Incorporating shrub and snag specific LiDAR data into GAP wildlife models

Teresa J. Lorenz, Kerri T. Vierling, Jody Vogeler, Jeffrey Lonneker, Jocelyn Aycrigg

Research output: Contribution to journalComment/debatepeer-review

1 Scopus citations


The U.S. Geological Survey’s Gap Analysis Program (hereafter, GAP) is a nationally based program that uses land cover, vertebrate distributions, and land ownership to identify locations where gaps in conservation coverage exist, and GAP products are commonly used by government agencies, nongovernmental organizations, and private citizens. The GAP land-cover designations are based on satellite-derived data, and although these data are widely available, these data do not capture the 3-dimensional vegetation architecture that may be important in describing vertebrate distributions. To date, no studies have examined how the inclusion of snag- or shrub-specific Light Detection and Ranging (LiDAR) data might influence GAP model performance. The objectives of this paper were 1) to assess the performance of the National GAP models and Northwest GAP models with independently collected field data, and 2) to assess whether the inclusion of 3-dimensional vegetation data from LiDAR improved the performance of National GAP and Northwest GAP models. We included only two parameters from the LiDAR data: presence or absence of shrubs and presence or absence of snags ≥25 cm diameter at breast height. We surveyed for birds at > 150 points in a 20,000-ha coniferous forest in northern Idaho and used data for eight shrub- and cavity-nesting species for validation purposes. On a guild level, National GAP models performed only marginally better than Northwest GAP models in correct classification rate, and LiDAR data did not improve vertebrate distribution models. At the scale used in this study, GAP models had poor predictive power and this is important for managers interested in using GAP models for species distributions at scales similar to ours, such as a small park or preserve, < 200 km2 in size. Additionally, because the inclusion of LiDAR data did not consistently affect the performance of GAP models, future studies might consider whether LiDAR data affect GAP model performance by examining 1) different spatial scales, 2) different LiDAR metrics, and/or 3) species-specific habitat relationships not currently available in GAP models.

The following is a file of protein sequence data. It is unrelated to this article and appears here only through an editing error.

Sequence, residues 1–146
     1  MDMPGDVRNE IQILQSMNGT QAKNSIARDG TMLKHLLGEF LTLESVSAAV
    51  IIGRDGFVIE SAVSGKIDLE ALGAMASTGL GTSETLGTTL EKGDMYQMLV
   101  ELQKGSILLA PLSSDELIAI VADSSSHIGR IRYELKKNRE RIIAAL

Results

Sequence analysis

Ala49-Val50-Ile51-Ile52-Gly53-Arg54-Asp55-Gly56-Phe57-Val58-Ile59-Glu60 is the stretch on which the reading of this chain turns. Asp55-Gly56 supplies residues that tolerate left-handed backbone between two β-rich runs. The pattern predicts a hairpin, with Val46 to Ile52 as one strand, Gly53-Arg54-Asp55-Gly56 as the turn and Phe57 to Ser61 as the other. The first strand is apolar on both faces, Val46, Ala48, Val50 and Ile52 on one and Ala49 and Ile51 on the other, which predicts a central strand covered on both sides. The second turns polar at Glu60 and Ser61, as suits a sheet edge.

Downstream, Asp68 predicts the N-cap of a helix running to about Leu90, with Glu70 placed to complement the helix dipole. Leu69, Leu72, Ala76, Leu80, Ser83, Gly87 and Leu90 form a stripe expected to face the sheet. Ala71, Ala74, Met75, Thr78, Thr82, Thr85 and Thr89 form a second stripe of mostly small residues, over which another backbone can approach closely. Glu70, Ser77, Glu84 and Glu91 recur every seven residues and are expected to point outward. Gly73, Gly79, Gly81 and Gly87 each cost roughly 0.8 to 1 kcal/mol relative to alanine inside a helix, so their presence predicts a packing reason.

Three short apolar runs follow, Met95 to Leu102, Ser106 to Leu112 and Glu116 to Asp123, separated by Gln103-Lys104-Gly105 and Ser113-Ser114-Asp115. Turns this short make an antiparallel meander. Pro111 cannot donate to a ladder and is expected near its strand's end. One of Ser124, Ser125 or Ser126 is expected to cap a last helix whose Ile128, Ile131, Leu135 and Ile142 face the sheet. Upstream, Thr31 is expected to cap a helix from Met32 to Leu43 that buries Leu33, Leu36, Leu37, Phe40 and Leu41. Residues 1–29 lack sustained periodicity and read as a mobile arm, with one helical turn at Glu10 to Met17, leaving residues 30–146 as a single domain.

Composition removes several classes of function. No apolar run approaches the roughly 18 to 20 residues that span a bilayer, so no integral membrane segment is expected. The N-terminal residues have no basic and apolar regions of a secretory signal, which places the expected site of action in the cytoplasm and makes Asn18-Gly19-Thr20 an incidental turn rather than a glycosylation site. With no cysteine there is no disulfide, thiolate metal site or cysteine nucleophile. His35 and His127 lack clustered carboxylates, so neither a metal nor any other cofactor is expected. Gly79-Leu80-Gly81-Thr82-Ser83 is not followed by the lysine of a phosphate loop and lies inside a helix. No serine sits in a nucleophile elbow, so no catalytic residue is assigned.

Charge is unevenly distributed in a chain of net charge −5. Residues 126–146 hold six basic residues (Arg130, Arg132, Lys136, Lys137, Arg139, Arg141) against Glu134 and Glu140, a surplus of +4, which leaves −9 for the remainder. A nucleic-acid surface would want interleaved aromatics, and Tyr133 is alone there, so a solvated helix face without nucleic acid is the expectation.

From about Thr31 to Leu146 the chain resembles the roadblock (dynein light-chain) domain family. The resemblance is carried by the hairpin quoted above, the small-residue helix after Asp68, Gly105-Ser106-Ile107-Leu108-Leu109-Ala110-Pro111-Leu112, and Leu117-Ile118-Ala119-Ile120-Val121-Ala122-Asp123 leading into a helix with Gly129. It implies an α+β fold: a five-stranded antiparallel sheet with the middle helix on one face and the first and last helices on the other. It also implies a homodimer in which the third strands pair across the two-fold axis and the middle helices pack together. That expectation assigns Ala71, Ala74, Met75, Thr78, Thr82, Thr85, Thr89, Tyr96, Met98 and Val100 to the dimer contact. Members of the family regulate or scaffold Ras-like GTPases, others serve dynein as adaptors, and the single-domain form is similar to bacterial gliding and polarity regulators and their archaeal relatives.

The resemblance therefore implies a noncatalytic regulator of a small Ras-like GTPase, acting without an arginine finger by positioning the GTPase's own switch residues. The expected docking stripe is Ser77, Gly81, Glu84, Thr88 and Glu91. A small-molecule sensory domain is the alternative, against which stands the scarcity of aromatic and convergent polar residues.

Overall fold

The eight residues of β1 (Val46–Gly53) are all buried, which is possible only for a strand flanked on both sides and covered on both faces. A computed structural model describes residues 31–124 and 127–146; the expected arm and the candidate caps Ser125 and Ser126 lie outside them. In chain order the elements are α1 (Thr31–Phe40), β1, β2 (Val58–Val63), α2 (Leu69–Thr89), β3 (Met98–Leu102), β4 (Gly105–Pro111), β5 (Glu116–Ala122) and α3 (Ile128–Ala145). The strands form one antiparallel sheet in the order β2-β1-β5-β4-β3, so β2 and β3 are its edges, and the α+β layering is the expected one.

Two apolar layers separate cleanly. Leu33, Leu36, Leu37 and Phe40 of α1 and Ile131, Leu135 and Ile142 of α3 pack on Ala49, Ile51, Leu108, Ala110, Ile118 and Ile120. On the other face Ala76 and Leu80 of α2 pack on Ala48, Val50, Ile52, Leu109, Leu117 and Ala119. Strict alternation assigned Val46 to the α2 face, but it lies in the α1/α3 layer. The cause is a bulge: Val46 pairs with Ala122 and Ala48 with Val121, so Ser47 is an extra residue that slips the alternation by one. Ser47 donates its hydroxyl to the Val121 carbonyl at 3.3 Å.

Original languageEnglish (US)
Pages (from-to)437-447
Number of pages11
JournalJournal of Fish and Wildlife Management
Issue number2
StatePublished - Dec 2015

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  • Birds
  • GAP
  • Idaho
  • LiDAR
  • Shrub
  • Snag
  • Species modeling


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